The Voice of Hope Church and Worship Center’s African Redemptive Struggle (ARS) Museum is the first museum to fully explore the anti-slavery collective resistance waged by self liberated Africans from 1526 to 1868 featuring paintings by Gullah interpretive realism painter Brother Nizar.
This exhibition opened September 7 at 249 Saint Philip Street in the historic IAME (Independent African Methodist Episcopal) church building built in 1898.
While academic and public attention is being placed upon the 1619 to 2019, Jamestown Virginia experience, many people are unaware of the 1526 collective (African) resistance and (Slave) revolt in what is now modern-day Georgetown, South Carolina. San Miguel deGualdape at Winyah Bay was the site where the first enslaved Africans during the transatlantic slave era was brought to these shores by the Spanish government in an attempt to build a colony. Lucas Vasquez de Allyon, a Spanish Magistrate, brought 100 African men from the island of Hispaniola to build a colony at Winyah Bay. The Africans, with the assistance of the native American population, freed themselves and the colony was aborted. This was nearly 100 years before the Jamestown Virginia experience in 1619. Those Africans at Winyah Bay became the first non-native peoples to peacefully coexist with native Americans.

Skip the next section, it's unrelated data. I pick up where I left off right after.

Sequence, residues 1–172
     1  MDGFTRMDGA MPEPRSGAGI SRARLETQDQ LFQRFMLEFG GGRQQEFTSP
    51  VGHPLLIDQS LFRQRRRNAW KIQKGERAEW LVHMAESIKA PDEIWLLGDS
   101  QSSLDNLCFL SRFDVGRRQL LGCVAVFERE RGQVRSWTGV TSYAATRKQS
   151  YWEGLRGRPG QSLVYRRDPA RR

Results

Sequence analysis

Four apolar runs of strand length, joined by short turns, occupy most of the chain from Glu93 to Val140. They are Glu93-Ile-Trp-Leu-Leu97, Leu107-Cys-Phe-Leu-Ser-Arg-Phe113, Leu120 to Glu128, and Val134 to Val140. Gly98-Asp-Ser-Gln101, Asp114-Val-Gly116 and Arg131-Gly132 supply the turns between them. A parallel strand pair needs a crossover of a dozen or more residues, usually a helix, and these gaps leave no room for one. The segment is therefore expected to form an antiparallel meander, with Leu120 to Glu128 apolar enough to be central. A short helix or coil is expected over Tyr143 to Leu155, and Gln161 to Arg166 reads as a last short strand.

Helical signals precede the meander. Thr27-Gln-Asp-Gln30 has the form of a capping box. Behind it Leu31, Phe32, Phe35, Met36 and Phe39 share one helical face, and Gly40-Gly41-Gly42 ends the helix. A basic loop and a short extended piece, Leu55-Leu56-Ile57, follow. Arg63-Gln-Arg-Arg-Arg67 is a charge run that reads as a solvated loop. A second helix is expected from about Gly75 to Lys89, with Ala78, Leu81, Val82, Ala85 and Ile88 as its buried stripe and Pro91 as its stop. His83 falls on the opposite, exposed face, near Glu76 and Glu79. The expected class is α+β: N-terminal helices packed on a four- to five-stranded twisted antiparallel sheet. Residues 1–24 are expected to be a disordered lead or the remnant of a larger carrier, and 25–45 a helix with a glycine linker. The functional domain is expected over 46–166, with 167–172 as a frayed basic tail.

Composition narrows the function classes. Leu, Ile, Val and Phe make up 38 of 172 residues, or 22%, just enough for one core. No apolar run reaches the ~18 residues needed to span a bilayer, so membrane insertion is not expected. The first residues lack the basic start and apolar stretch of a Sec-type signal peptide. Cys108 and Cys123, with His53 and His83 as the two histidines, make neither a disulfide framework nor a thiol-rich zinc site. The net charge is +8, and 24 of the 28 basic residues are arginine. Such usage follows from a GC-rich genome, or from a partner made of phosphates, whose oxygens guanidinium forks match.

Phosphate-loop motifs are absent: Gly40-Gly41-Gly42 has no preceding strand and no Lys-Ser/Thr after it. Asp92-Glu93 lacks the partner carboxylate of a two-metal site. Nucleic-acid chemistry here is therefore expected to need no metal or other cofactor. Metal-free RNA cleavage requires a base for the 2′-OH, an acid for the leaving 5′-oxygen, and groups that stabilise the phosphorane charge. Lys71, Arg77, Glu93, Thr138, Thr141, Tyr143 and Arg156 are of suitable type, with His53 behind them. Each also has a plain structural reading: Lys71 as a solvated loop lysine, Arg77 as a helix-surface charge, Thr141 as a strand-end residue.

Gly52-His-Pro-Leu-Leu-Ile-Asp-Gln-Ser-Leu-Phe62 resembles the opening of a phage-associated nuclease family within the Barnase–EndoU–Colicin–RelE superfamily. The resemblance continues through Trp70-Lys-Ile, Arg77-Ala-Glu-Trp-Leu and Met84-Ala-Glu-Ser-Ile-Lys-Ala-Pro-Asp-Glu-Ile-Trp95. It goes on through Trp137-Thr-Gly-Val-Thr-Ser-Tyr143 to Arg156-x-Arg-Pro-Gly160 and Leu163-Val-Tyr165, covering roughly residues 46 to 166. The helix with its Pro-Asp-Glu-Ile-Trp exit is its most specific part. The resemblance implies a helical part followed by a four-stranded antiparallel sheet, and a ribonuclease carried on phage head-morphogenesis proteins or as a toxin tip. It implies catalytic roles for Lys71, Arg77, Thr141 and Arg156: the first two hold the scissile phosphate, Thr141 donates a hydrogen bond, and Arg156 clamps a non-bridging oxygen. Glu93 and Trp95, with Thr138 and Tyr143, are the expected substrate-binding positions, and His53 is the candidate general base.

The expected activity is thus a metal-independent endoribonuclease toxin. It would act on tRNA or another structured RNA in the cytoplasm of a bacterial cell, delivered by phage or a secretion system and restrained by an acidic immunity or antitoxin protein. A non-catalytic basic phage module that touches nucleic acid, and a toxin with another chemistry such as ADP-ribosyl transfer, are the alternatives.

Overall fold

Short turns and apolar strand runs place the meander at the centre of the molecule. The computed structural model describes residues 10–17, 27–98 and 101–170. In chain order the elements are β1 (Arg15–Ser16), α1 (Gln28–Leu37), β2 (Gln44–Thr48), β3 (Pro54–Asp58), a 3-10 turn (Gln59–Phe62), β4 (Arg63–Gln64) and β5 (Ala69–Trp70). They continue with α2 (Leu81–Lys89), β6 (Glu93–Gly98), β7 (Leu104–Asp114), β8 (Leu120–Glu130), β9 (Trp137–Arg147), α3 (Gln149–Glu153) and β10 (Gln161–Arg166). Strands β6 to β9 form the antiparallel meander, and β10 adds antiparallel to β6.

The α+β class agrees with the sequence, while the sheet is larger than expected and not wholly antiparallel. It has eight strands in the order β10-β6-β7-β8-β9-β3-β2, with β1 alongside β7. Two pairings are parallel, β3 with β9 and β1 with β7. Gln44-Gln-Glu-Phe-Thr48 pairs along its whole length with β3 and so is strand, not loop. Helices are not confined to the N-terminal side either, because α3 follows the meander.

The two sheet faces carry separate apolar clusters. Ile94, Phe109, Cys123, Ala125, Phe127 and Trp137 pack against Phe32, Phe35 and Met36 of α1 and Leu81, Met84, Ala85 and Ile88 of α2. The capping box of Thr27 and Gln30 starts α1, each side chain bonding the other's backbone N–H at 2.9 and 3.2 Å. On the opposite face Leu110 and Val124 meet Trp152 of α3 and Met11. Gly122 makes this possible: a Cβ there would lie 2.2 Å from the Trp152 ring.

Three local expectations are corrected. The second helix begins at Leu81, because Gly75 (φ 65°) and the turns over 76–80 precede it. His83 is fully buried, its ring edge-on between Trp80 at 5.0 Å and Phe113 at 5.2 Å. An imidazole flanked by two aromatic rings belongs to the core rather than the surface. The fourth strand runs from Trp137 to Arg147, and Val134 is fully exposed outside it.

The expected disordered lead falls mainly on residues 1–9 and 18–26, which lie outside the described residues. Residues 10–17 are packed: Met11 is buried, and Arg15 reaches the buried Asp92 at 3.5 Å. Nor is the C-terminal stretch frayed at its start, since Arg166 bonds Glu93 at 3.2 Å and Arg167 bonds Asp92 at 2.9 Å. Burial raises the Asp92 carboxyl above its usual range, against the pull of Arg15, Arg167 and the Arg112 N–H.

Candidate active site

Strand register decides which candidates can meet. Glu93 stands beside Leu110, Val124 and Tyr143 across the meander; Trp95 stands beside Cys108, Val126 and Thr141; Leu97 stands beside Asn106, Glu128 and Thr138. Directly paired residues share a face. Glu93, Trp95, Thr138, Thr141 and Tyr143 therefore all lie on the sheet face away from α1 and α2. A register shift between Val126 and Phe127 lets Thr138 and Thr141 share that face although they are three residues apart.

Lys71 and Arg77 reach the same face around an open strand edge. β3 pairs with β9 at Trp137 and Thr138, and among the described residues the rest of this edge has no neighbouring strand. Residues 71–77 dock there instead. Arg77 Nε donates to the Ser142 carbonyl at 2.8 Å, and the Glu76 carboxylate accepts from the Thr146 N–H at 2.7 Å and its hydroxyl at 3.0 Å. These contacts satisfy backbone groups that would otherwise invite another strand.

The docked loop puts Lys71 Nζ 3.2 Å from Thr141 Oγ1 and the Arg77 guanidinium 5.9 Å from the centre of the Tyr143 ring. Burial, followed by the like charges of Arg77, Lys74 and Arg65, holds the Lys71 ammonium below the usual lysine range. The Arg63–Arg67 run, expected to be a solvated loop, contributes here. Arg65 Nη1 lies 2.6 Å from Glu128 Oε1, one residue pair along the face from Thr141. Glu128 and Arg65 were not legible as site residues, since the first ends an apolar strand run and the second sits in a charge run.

The African Redemptive Struggle Museum challenges contemporary scholars to investigate strategic level thinking of Africans and alliances they established with Spain, England and numerous Native American Nations to flee the South and the eventual repatriation of Africa at Sierra Leone in 1792.
The featured artist, Brother Nizar, a Gullah interpretive realism painter, is considered by many to be “The Father of Anti-Slavery Collective Resistance Art.”
While there have been several exhibition of his work over the years there has never been a true retrospective exhibition. Nizar’s paintings can be found prominently displayed in the Summerville Dorchester Museum in Summerville, the Colleton County Memorial Library in Walterboro, the City of Charleston Parking Services office, City of Charleston Livability and Tourism office, and in numerous private collections.
For more information, call (843) 998-1215.